Vintage Sinclair Calculator Restored with Arduino

Ynformatics purchased a non-functional Sinclair calculator on eBay and brought it back to life with an ATmega328P.

Cameron Coward
5 days agoRetroTech

The "Sinclair" name is most often associated with Sinclair Research Ltd., which is the British company responsible for ZX Spectrum 8-bit home computer. But before Sir Clive Sinclair turned his focus towards computers, his company Sinclair Radionics Ltd. developed a range of consumer electronics devices and scientific instruments. Like many other companies of the era, including Commodore, Sinclair Radionics produced calculators. Digital calculators were high-tech devices at the time that cost quite a lot of money. But Sinclair made affordable models — a feat they would later replicate in the computer world. Ynformatics purchased a non-functional Sinclair calculator on eBay and restored it to live with an Arduino.

This particular model, the Sinclair Cambridge Memory, hit the market in the mid-1970s. It was small enough to fit in a pocket and cheaper than most rivals. Similar models had some scientific functions, but the Cambridge Memory model was a more barebones model. It had an eight-digit seven-segment LED display and a keypad with 19 buttons. Ynformatics's calculator powered on, but had a couple of problems. Some of the buttons were not working correctly and the main C-595 processor chip was faulty. It is impossible to find new chips today, so Ynformatics turned to a modern microcontroller for help.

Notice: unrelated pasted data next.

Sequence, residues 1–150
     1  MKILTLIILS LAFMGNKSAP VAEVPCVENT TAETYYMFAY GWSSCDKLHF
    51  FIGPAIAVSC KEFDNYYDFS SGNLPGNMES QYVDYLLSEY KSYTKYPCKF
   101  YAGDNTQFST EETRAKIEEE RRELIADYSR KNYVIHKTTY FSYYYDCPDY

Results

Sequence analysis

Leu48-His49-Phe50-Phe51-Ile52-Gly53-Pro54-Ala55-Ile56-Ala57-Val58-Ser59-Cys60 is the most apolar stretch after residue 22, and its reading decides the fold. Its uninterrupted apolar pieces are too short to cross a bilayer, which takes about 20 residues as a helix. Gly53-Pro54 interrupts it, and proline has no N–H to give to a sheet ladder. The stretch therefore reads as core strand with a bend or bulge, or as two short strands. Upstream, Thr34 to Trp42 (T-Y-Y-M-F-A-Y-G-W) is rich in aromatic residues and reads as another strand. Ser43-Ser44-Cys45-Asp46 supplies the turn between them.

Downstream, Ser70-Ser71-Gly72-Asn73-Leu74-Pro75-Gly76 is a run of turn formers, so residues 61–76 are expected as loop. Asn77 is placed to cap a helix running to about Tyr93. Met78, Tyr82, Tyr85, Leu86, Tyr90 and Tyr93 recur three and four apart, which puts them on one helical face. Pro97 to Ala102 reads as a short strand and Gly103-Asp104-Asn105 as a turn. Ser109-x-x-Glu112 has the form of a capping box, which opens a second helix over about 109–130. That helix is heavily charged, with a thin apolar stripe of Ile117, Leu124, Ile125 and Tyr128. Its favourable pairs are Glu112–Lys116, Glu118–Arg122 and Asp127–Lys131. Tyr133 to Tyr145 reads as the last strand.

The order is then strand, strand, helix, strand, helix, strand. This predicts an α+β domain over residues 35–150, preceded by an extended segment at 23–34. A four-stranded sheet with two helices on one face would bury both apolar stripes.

Ynformatics started by disassembling the calculator and giving the keypad contacts a thorough cleaning. As they are wont to do, the thin plastic fastener pegs broken off during disassembly. Ynformatics used ABS rods to replace those. They then reverse-engineered the keypad and display drivers. This calculator runs with a positive earth, which is somewhat unusual and means that the signal logic voltage is inverted. Ynformatics used an Arduino Nano during testing and was able to figure out how to drive the display and read the keypad matrix — a task complicated by the fact that the two share pins. But the Nano, even as small as it is, was still too large to fit inside the case. So Ynformatics designed his own small PCB to act as a breakout board for an ATmega328P microcontroller, which they flashed with the previously-developed code using an Arduino Uno. The code is simple and only replicates the standard functions, but now Ynformatics has a cool vintage Sinclair calculator that actually works.

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